Skip to main content
Premium Trial:

Request an Annual Quote

NIH Earmarks $3.5M for Lewy Body Dementia Biomarker Studies

NEW YORK (GenomeWeb) – The National Institutes of Health announced that it will commit $3.5 million to fund research identifying and developing biomarkers for Lewy body dementias (LBDs).

LBDs comprise two related neurodegenerative disorders characterized by the abnormal accumulation of alpha-synuclein in the brain — dementia with Lewy bodies (DLB) and Parkinson's disease dementia (PDD). The conditions primarily differ in the timing of the onset of cognitive and movement symptoms. 

In 2012, the National Institute of Neurological Disorders and Stroke (NINDS) established the Parkinson's Disease Biomarker Program (PDBP) to foster collaboration between ongoing Parkinson's disease biomarker research, standardize data collection and management in the projects, and accelerate the discovery of new biomarkers. 

In light of research suggesting there are different pathophysiological mechanisms underlying various syndromes in which Parkinson's disease and dementia are comorbid, and based on the recommendations of participants at two recent NINDS workshops on Alzheimer's disease-related dementias and Parkinson's disease, the NIH aims to broaden the patient groups included in the PDBP.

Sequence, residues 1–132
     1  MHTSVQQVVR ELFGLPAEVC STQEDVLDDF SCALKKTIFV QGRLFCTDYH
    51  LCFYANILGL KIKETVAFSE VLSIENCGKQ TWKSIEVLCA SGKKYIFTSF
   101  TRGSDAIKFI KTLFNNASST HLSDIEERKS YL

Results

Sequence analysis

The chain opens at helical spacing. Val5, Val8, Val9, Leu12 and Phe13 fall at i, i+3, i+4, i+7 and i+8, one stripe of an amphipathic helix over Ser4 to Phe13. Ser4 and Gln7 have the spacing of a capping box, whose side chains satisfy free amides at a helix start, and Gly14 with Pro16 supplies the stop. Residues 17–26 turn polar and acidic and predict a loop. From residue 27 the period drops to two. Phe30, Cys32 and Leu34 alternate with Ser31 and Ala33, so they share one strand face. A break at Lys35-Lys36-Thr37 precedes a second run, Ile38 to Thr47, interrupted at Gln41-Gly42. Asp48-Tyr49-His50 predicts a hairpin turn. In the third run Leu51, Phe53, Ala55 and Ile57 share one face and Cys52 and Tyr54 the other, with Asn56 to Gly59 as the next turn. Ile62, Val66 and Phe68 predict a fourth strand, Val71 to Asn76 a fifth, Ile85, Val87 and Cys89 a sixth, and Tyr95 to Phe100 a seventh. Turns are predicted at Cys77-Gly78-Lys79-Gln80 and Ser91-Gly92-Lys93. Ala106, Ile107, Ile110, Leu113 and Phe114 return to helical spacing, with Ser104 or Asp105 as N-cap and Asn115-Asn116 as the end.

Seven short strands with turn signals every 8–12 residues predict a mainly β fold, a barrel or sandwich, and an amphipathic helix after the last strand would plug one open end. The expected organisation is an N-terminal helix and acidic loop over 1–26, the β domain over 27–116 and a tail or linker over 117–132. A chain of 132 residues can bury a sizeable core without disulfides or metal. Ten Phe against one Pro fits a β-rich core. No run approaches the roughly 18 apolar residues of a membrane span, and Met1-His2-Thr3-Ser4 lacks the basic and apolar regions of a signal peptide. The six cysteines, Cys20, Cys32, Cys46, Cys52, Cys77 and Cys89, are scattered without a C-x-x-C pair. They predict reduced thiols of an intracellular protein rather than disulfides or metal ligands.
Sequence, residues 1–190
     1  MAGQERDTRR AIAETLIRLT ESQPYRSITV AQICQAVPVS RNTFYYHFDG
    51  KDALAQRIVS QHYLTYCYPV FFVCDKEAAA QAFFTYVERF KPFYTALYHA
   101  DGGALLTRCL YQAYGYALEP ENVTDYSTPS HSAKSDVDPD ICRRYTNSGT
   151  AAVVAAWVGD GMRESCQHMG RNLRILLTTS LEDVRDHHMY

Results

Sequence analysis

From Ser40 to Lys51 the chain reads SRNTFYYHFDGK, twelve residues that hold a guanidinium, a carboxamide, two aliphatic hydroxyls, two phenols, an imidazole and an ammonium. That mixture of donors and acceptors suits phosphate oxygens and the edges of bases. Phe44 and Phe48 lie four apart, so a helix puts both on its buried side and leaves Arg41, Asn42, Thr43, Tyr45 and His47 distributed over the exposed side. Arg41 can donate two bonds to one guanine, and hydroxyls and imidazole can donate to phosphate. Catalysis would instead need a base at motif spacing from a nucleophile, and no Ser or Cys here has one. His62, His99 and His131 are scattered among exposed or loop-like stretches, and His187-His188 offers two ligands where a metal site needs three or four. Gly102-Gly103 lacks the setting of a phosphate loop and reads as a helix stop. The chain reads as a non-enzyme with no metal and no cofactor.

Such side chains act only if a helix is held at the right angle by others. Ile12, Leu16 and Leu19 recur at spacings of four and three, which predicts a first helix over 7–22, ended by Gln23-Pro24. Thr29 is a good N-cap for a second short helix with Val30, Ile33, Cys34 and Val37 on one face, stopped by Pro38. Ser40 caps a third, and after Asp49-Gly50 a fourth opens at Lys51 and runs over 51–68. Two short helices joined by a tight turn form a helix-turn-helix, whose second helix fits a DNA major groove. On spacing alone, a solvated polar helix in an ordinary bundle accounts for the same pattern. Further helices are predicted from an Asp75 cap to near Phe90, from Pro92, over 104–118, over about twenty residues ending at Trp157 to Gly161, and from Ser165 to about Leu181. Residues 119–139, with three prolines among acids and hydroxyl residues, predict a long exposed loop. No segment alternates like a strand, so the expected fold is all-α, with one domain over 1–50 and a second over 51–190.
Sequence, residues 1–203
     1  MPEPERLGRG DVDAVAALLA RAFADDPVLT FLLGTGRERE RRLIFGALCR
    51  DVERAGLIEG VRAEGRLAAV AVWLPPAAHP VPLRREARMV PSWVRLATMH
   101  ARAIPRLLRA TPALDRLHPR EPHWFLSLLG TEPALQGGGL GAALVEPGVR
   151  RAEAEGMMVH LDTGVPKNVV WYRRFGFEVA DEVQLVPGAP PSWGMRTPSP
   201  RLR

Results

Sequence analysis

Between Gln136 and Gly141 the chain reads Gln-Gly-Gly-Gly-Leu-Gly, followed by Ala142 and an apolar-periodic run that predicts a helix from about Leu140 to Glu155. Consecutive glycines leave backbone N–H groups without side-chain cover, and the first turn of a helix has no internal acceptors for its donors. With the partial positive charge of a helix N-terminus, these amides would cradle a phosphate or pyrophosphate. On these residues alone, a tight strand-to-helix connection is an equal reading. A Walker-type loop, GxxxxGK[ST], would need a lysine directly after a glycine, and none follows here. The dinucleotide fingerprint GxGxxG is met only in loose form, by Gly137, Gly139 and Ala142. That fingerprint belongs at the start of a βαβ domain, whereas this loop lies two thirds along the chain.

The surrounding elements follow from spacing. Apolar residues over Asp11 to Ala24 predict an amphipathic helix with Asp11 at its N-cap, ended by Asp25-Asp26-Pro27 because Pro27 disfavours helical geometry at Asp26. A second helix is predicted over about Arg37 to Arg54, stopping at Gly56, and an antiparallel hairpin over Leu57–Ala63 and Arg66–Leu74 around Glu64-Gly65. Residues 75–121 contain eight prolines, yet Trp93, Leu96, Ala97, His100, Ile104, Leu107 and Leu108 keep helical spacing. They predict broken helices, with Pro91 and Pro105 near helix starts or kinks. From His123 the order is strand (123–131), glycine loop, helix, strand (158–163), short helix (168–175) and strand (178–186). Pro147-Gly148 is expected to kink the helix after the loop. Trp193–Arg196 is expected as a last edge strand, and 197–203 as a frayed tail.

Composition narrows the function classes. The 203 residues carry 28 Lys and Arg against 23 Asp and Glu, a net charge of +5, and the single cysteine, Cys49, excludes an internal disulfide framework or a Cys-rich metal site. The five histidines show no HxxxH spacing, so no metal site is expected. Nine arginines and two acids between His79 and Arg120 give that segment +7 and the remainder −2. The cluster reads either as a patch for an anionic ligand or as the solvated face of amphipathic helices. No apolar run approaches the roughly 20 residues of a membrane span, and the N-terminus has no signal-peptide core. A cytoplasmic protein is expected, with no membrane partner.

To that end, the NIH has set aside $3.5 million in fiscal year 2016 funding to support five to seven research projects that expand PDBP's collection of longitudinal clinical and biospecimen data to include data and samples from individuals diagnosed with LBDs.

Specifically, the NIH intends to fund projects involving the collection of clinical and neuroimaging data, as well as specimens including whole blood, plasma, serum, cerebrospinal fluid, and urine peripheral blood mononuclear cells for induced pluripotent stem cell derivation from patients with PDD or DLB.

Also appropriate for this funding opportunity are clinical studies aiming to discover potential LBD biomarkers, including ones based on a single measure or a panel of measurements, that can be used to improve differential diagnosis, identify risk of disease, or predict disease progression. Such studies would ideally be longitudinal and include women, minorities, and other groups traditionally underrepresented in clinical research.

Additional details about the funding opportunity can be found here.